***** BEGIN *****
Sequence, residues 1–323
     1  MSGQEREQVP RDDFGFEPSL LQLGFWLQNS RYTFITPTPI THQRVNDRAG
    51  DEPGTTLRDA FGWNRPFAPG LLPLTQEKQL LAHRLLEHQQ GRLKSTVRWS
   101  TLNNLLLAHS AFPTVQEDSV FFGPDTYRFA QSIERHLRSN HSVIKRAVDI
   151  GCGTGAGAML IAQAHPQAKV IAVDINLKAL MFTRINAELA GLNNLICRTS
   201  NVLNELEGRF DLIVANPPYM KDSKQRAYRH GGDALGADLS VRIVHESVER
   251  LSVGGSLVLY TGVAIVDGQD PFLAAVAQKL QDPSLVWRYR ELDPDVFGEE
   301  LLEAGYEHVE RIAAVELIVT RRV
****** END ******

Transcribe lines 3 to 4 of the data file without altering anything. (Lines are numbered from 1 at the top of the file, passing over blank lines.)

    51  DEPGTTLRDA FGWNRPFAPG LLPLTQEKQL LAHRLLEHQQ GRLKSTVRWS
   101  TLNNLLLAHS AFPTVQEDSV FFGPDTYRFA QSIERHLRSN HSVIKRAVDI